Antarctic ice has revealed that pre-industrial air pollution was worse than thought, suggesting climate models have overstated the warming from greenhouse gases.
Key to modelling the climate of the future is understanding how the rate at which surface temperatures are likely to rise in response to greenhouse gas levels.
To do this, modern climate models start by looking at how temperatures responded to known changes in the past — and then extrapolating from there.
The problem is that while past greenhouse gas levels are well documented, they are not the only things in the atmosphere that can affect surface temperatures.
Aerosols, as released by volcanoes and fires, have a cooling effect — but, unlike greenhouse gases, their levels before the Industrial era are poorly understood.
A team led from Harvard University analysed cores of Antarctic ice, trapped in which were soot particles from Africa, Australia and South America dating back to 1750.
Analysing this suggested that — in the southern hemisphere at least — pre-industrial times were more fiery than was previously anticipated, with four times the soot.
This means that, before 1780, the atmosphere was being cooled by soot more than expected — with implications for atmospheric models based on this assumption.
Specifically, in order to account for the observed increase in surface temperatures since then, models may have overestimated the warming from greenhouse gases.
While the world is ‘clearly’ warming, as the team put it, the new findings suggest that it might not be heating up at quite the rate that was previously feared.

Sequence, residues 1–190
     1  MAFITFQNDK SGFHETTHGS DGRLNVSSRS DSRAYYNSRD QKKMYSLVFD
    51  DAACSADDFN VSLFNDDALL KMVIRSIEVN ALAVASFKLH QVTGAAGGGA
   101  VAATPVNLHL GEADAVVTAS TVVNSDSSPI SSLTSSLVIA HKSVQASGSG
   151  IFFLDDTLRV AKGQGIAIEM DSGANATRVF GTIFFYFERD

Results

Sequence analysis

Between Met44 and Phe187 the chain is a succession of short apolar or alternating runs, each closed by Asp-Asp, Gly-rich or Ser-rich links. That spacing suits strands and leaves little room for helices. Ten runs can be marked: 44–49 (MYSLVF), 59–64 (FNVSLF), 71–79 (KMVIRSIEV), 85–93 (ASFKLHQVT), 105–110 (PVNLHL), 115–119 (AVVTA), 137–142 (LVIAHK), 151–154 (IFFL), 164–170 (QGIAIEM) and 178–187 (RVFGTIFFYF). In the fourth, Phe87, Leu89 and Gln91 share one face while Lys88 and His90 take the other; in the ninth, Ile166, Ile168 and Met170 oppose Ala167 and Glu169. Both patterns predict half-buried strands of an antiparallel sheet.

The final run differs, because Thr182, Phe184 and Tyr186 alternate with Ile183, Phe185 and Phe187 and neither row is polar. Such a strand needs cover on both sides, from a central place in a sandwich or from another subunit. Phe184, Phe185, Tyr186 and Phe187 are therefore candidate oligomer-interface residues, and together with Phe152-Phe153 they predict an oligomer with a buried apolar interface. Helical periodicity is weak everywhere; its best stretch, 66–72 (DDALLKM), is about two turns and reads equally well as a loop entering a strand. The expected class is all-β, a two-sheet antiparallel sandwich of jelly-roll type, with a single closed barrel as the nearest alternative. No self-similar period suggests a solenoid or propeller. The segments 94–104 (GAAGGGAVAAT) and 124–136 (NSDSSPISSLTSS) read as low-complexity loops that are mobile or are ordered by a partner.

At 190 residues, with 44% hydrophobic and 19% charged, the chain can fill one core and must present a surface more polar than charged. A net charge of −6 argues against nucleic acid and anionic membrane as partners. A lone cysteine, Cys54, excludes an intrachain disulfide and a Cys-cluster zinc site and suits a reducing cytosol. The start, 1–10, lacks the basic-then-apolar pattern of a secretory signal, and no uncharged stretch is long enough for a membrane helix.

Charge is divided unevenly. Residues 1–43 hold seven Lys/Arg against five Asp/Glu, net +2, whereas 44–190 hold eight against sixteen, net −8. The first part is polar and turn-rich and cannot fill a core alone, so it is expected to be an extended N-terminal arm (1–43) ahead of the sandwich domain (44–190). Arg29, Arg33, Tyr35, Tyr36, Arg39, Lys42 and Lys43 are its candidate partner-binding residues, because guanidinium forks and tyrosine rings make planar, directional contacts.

Antarctic ice has revealed that pre-industrial air pollution was worse than thought, suggesting climate models have overstated the warming from greenhouse gases. Pictured: the historical burning of biomass as recorded by the ice cores (black) and predicted by two models — a traditional one (blue) the team’s new model based on fire emissions (yellow)
‘Up till now, the magnitude of past fire activity, and thus the amount of smoke in the preindustrial atmosphere, has not been well characterized,’ explained paper author and atmospheric chemist Pengfei Liu of Massachussets’ Harvard University.
‘These results have importance for understanding the evolution of climate change from the 1750s until today, and for predicting future climate.’
In total, Dr Liu and colleagues analysed the content of 14 different ice cores, each bored up from a different location across the southernmost continent.
‘Soot deposited in glacier ice directly reflects past atmospheric concentrations so well-dated ice cores provide the most reliable long-term records,’ explained hydrologist Joseph McConnell of the Desert Research Institute in Nevada.
The researchers were surprised to find that the pre-industrial (here defined as 1750–1780) soot levels were considerably higher than was long thought.
‘While most studies have assumed less fire took place in the preindustrial era, the ice cores suggested a much fierier past, at least in the Southern Hemisphere,’ said atmospheric chemist Loretta Mickley, also of Harvard University.
In total, Dr Liu and colleagues analysed the content of 14 different ice cores, each bored up from a different location across the southernmost continent — as pictured, with graphs showing the changing soot concentrations from 1750 to the present day
‘While most studies have assumed less fire took place in the preindustrial era, the ice cores suggested a much fierier past, at least in the Southern Hemisphere,’ said paper author and atmospheric chemist Loretta Mickley, also of Harvard University
To account for these surprising levels of soot, the team ran computer simulations which explored both the impact of wildfires and the burning practices of indigenous peoples in the southern hemisphere.
‘The computer simulations of fire show that the atmosphere of the Southern Hemisphere could have been very smoky in the century before the Industrial Revolution,’ said earth scientist Jed Kaplan of the University of Hong Kong.